Centromeres are the chromosomal loci that facilitate segregation in most eukaryotes. They are the site of assembly of the kinetochore, the nucleoprotein complex which anchors the microtubule spindles that separate sister chromatids and mediate their movement to the daughter nuclei. Most centromeres are "regional" and encompass large sections of DNA, spanning 0.06 - 5 Mb, in species as diverse as plants, insects and mammals [1–3]. Centromeric DNA is typically comprised of arrays of highly repeated sequences, interrupted by transposable elements [4, 5]. The repeats are generally restricted to centromeric regions and are often in the size range 150 - 180 bp. This length is similar to that of nucleosomes, a property that may be of functional significance . Although many features of centromeric DNA are widespread, there is little sequence conservation, even between closely related species , and most evidence suggests that centromeres are determined epigenetically [8, 9].
In human chromosomes, centromeres have a conserved core of α-satellite repeats (~170 bp) stretching over several megabases, which is flanked by extensive regions that contain multiple retrotransposon insertions . In eukaryotic microorganisms, centromeres can also encompass large regions of chromosomal DNA. Those of Schizosaccharomyces pombe for example, range from 35 - 110 kb  and are organised as chromosome-specific core elements, flanked by inverted arrays of 3 - 7 kb. These in turn are flanked by more extensive outer repeats. Unusually in Saccharomyces cerevisiae, the regions that specify kinetochore assembly are restricted to single 125 bp elements termed "point" centromeres . Some organisms, such as Caenorhabditis elegans, have holocentric chromosomes that lack specific centromeres . In these instances, microtubules bind along the entire length of the chromosome.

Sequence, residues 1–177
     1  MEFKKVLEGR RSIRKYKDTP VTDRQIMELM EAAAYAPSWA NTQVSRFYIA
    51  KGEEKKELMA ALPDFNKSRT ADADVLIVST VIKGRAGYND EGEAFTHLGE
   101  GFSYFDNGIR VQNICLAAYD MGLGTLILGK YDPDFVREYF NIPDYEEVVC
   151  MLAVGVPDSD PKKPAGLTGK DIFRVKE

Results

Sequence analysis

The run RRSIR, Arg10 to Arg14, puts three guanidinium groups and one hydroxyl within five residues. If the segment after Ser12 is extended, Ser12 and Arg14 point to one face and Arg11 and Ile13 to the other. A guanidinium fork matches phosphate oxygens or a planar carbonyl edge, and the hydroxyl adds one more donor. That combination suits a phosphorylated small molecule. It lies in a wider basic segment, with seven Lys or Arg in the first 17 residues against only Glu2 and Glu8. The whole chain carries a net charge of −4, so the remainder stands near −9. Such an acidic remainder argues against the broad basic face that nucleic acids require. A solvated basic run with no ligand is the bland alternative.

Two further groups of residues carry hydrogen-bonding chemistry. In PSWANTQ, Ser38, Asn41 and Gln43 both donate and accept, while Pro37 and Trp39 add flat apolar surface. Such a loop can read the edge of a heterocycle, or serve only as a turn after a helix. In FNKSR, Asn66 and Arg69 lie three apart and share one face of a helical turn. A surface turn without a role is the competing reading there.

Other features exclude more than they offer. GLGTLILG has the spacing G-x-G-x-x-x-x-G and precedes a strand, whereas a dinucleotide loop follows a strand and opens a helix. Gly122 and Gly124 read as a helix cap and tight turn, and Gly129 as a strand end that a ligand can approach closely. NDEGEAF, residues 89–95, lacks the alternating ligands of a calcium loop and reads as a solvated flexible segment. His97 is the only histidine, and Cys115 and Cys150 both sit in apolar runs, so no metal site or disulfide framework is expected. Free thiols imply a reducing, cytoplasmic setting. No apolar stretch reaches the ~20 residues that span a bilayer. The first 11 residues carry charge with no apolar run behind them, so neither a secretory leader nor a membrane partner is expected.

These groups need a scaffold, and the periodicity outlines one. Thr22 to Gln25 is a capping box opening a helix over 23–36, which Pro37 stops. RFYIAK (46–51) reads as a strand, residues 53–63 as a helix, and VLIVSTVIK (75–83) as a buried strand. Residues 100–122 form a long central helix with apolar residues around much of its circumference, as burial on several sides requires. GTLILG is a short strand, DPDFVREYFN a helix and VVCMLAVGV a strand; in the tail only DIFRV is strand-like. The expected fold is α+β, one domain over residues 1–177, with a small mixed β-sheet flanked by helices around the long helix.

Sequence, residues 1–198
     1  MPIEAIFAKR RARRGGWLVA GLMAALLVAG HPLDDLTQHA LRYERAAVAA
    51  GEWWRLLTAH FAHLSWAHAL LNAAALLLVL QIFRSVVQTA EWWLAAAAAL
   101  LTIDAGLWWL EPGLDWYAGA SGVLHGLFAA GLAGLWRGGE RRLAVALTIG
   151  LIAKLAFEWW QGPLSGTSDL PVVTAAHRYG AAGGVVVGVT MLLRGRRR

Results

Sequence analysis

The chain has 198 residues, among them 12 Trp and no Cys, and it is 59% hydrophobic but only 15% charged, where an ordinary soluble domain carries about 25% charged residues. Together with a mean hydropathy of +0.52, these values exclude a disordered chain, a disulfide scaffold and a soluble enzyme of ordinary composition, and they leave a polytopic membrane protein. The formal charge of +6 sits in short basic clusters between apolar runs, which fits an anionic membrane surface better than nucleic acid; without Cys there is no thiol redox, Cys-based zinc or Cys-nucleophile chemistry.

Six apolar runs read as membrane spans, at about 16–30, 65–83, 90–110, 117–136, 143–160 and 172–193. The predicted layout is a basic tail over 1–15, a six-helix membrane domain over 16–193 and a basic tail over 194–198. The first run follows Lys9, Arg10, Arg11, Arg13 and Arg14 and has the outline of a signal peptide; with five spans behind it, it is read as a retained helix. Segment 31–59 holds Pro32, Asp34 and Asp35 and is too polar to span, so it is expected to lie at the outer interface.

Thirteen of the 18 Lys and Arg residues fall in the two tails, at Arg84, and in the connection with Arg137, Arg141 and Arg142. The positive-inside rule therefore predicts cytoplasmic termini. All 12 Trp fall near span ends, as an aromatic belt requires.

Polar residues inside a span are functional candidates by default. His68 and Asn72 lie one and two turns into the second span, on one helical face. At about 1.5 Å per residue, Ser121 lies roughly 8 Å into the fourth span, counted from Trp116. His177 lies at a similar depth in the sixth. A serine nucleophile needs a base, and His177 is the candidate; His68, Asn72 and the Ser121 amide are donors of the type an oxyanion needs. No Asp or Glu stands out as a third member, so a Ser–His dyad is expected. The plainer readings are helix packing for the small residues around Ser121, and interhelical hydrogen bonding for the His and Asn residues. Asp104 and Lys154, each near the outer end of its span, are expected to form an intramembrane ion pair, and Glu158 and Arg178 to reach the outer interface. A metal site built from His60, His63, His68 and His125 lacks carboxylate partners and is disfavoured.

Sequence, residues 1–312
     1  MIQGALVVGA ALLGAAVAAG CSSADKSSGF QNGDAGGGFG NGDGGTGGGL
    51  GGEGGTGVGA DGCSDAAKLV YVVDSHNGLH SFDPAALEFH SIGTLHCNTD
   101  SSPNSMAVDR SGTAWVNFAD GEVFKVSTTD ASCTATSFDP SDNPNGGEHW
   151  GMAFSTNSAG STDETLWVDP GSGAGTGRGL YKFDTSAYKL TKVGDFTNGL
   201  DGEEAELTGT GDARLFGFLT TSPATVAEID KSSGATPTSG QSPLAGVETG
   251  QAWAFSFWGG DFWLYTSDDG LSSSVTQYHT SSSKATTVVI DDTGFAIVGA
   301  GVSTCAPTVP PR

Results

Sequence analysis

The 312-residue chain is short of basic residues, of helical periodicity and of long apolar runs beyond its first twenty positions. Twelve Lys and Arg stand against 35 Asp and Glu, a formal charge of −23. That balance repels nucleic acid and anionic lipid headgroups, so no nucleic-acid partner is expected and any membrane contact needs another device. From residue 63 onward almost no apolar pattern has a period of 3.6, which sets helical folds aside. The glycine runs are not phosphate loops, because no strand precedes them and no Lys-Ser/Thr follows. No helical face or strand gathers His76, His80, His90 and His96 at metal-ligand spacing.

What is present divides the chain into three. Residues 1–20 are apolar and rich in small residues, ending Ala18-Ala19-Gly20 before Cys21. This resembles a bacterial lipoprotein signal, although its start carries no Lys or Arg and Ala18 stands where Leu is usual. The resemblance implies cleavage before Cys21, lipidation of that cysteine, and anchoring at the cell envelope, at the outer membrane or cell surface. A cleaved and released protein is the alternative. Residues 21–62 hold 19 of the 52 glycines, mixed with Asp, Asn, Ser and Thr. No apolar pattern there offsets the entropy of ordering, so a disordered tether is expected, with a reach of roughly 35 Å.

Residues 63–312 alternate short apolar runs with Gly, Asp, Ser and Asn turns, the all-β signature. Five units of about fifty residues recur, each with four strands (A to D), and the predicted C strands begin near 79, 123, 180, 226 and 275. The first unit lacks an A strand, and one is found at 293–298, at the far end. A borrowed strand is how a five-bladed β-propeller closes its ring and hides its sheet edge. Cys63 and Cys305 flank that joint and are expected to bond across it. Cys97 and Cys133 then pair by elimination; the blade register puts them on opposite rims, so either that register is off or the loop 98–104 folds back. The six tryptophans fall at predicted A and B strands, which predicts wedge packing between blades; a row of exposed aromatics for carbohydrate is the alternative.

Protozoan parasites of the Trypanosoma brucei species complex are insect-transmitted pathogens that are of major medical and veterinary importance throughout sub-Saharan Africa. They belong to the Excavata, a eukaryotic lineage which includes the other trypanosomatid parasites Trypanosoma cruzi and Leishmania species. Several features of gene organisation and expression in these organisms are unusual. Protein coding genes lack conventional RNA polymerase II (pol II) promoters  and are organised in long co-directional clusters which can stretch for tens to hundreds of kilobases . Transcription is polycistronic, and processing involves a trans-splicing mechanism in which all mRNAs are modified post-transcriptionally by the addition of a 39-nucleotide spliced leader to their 5'-ends. T. brucei has a haploid genome content of 35 Mb, with 11 megabase pair chromosomes (0.9 - 5.7 Mb). Unusually, chromosome homologues can vary significantly in size . In addition, this parasite also contains two classes of atypical nuclear chromosomes; the intermediate-size chromosomes (300 - 900 kb) that contain some variant surface glycoprotein (VSG) genes, but no house-keeping genes, and the minichromosomes (50 - 100 kb), which appear to act as a reservoir of VSG sequences .